The System Configuration utility can provide some useful troubleshooting features. In this video, you’ll learn how to manage the boot process, enable and disable programs, and easily launch other troubleshooting tools.
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If you’re a system administrator, you’ve certainly used the system configuration utility before. A lot of us simply call it msconfig because that’s what you type in at the command line to launch the system configuration utility. The utility itself allows you to manage boot process, configure how Windows starts up.
You can define what services and other programs are starting– all from this single utility in Windows. Instead of typing msconfig at the command line, you can also find the system configuration utility in your Control Panel under Administrative Tools. There are five tabs in system configuration.
There’s general, boot, services, startup, and tools. This first tab for general controls what part of Windows is going to startup during the boot process. You can choose to configure a normal startup where everything loads just as it normally does, or you can choose a diagnostic startup, which is very similar to the Windows Safe Mode except the diagnostics startup is only going to load basic devices and services only.
The last option you have is a selective startup where you get to choose whether you want to load system services, load the startup items, or decide to use original boot configurations. In the Boot tab, you can control exactly what operating system is loading when the system starts up. In my configuration, I have a single OS listed here. But if there are other operating systems on your computer, you would see those listed here as well.
If you choose the advanced option selection, you can choose how many processors will start when Windows starts up, the maximum amount of memory, and other debug settings in here as well. There are also a number of boot options available. For example, you can force Windows to start into safe boot. You could choose to get rid of the GUI during the boot process.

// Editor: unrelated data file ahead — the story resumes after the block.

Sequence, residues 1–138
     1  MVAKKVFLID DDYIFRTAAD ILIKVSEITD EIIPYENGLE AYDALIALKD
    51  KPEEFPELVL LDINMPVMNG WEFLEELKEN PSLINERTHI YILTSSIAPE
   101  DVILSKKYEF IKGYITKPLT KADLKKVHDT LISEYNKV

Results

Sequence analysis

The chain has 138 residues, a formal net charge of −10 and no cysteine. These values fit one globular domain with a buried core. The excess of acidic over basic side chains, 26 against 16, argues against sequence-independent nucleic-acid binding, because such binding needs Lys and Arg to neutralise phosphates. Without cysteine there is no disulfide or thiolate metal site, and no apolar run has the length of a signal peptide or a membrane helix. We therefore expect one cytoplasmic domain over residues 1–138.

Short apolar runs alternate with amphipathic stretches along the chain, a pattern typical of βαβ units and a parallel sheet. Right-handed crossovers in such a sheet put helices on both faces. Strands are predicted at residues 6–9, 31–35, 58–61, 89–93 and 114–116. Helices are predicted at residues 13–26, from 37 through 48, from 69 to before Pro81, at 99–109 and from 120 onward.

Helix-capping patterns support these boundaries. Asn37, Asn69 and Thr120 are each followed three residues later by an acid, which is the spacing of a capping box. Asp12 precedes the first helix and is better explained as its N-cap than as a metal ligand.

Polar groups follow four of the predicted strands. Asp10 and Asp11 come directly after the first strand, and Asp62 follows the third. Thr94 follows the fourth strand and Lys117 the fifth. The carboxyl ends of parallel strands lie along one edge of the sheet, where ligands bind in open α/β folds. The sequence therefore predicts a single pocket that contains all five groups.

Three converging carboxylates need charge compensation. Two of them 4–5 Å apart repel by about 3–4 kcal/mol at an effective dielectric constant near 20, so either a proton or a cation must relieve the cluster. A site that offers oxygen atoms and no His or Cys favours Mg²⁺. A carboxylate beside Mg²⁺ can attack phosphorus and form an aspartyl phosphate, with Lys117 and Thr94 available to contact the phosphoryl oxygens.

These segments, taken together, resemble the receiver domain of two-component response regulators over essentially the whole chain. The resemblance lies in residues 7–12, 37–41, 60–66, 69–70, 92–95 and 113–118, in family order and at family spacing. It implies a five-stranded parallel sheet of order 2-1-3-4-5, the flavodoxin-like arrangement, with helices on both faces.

You could create a boot log when the system starts and other diagnostic tools as well. If you’re troubleshooting a Windows boot problem, you’re probably going to find the tools you need to troubleshoot it right here in this Boot tab. When your system starts up, there are a number of services that automatically start as well.
If any of those services are having a problem, they could affect the entire operating system. So it’d be useful during the startup process to determine what services you would like to start and which ones you would not like to start. You do that all from the Services tab of the system configuration utility. You simply check mark the services that you would like to have started when the system starts up or disable that check mark to make sure that service does not start during the boot process.
There are obviously many services that are starting during this boot process, so it may take a bit of trial and error to find exactly the service that’s causing your problem. But fortunately, the system configuration utility in the Services tab can make this process as easy as possible. Not only are there services that start automatically when your system boots, there are also other user applications that can start during the boot up process as well.
In the Startup tab, you’ll find a list of all of the applications that start automatically, and you can enable or disable them by checking the box. This is another one of those troubleshooting tasks that can take a number of iterations before you find the problematic app, but at least the system configuration is going to make the process of enabling and disabling these apps as easy as possible. If you’re running Windows 8, 8.1, or Windows 10, you’ll notice that the Startup tab doesn’t have any startup options inside of it. That’s because all of this startup process has been moved to the Task Manager in those versions of Windows.
And if you click that link inside of system configuration, it will automatically start the Task Manager and provide you with the same options that you had in earlier versions. And lastly, the Tools tab provides you with an easy way to startup other utilities that you could use for troubleshooting. All of these are listed under the tool names in that column, and this may be a little easier than trying to find the right tool you need from the command prompt or from the Windows menus.
Category: CompTIA A+ 220-1002